William Doxford & Sons (Engineers) Ltd., were one of the stalwarts of British shipbuilding, having a ship repair and construction yard as well as the engine business with which they built a reputation amongst ship owners that was to last over 70 years.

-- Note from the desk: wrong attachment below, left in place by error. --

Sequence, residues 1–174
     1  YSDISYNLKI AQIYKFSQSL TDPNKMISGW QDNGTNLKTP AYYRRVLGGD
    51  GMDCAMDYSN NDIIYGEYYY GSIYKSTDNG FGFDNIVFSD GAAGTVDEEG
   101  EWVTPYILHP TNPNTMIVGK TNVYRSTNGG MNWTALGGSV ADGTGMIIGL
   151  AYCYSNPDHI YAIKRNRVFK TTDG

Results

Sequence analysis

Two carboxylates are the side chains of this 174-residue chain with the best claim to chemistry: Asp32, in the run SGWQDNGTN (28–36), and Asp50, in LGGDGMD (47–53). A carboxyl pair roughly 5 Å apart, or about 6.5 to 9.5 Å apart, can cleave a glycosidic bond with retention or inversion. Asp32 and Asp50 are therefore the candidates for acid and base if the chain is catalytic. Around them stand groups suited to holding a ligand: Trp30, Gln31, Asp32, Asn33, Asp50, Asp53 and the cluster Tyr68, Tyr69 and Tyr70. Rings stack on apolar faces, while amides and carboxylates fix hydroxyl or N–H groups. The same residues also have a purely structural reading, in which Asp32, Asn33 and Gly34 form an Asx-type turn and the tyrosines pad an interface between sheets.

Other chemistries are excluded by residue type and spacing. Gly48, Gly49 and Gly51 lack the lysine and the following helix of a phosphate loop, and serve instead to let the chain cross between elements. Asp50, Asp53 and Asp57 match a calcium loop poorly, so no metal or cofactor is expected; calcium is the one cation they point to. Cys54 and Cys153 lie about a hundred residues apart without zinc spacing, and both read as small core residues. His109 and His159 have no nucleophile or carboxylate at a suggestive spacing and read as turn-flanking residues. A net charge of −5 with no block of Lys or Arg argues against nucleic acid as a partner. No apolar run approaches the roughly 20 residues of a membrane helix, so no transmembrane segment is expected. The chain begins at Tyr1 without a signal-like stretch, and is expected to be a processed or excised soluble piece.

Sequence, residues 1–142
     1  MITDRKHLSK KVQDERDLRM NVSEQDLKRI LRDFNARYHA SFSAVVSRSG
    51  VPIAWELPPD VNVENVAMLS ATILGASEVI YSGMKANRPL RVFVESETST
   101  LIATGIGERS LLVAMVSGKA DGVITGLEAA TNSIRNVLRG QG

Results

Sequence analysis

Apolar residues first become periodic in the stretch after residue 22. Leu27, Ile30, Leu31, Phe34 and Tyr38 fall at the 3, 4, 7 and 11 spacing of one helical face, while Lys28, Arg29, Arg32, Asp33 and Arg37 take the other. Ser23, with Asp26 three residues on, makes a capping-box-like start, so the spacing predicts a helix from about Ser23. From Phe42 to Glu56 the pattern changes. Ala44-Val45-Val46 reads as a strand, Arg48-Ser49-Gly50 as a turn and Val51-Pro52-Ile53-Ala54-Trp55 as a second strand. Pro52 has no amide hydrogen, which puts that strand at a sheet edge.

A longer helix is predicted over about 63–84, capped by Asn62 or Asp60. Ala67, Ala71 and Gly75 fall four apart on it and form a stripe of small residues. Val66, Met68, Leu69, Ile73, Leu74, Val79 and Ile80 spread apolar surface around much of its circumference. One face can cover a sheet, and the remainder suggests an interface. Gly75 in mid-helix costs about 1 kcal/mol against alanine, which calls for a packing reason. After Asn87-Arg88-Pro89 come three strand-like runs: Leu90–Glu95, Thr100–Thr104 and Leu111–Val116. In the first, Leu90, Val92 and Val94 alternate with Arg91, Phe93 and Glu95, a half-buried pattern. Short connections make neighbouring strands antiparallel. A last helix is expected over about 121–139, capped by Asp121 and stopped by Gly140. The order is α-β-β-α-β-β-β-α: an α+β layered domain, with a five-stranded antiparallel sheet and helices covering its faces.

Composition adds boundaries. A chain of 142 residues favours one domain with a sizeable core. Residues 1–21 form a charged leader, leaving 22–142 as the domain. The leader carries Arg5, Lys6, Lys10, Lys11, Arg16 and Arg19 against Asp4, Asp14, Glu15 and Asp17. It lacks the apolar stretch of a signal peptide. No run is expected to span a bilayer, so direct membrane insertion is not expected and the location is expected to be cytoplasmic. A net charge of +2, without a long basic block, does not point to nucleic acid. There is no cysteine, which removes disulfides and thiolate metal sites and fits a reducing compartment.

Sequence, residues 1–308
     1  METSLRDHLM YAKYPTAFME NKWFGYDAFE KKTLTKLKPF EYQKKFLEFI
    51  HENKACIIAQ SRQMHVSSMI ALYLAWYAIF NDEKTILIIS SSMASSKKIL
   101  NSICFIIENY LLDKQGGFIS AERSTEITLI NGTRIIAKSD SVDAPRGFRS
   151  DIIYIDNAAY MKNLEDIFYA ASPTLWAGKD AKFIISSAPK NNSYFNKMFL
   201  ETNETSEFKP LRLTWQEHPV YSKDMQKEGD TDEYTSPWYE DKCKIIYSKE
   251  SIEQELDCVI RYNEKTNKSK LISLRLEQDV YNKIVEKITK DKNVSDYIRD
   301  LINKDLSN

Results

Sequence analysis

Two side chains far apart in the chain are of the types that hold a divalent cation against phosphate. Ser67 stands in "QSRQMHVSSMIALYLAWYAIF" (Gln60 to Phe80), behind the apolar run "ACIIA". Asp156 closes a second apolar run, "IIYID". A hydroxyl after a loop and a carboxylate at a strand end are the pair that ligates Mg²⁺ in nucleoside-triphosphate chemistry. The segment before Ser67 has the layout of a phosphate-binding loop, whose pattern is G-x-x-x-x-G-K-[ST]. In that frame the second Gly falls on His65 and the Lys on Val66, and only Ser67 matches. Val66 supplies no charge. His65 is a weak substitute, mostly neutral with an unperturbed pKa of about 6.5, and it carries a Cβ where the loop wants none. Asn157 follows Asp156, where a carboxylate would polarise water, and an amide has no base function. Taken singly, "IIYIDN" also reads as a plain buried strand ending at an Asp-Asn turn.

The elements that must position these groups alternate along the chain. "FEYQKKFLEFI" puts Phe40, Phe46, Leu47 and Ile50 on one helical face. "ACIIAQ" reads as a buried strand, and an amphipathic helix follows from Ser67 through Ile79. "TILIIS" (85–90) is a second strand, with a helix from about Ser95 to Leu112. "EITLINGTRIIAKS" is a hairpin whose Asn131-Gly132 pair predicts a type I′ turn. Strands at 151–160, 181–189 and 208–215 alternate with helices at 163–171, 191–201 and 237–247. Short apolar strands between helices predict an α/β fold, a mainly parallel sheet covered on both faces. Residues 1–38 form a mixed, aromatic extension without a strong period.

Doxfords built vertical, opposed-piston two-stroke diesel engines for ships, up to 8000 bhp, and their design became a standard unit for British flag-carriers until the licence-built Sulzer and B&W engines challenged their position in the early 1960's. The single-crankshaft engines had connecting rods for both the lower and upper pistons, with two rods for the upper piston. It is completely different to the Junkers opposed-piston design, as the upper pistons are connected to the single crankshaft by connecting rods each side of the main cylinder. Doxford Layout This system had inherent advantages over the standard four-stroke engine, as the two-stroke running enabled a low operating speed (115 rpm), thus eliminating the requirement for a reduction gearbox between the engine and propeller, and as the engine was reversible, no reverse gear was required.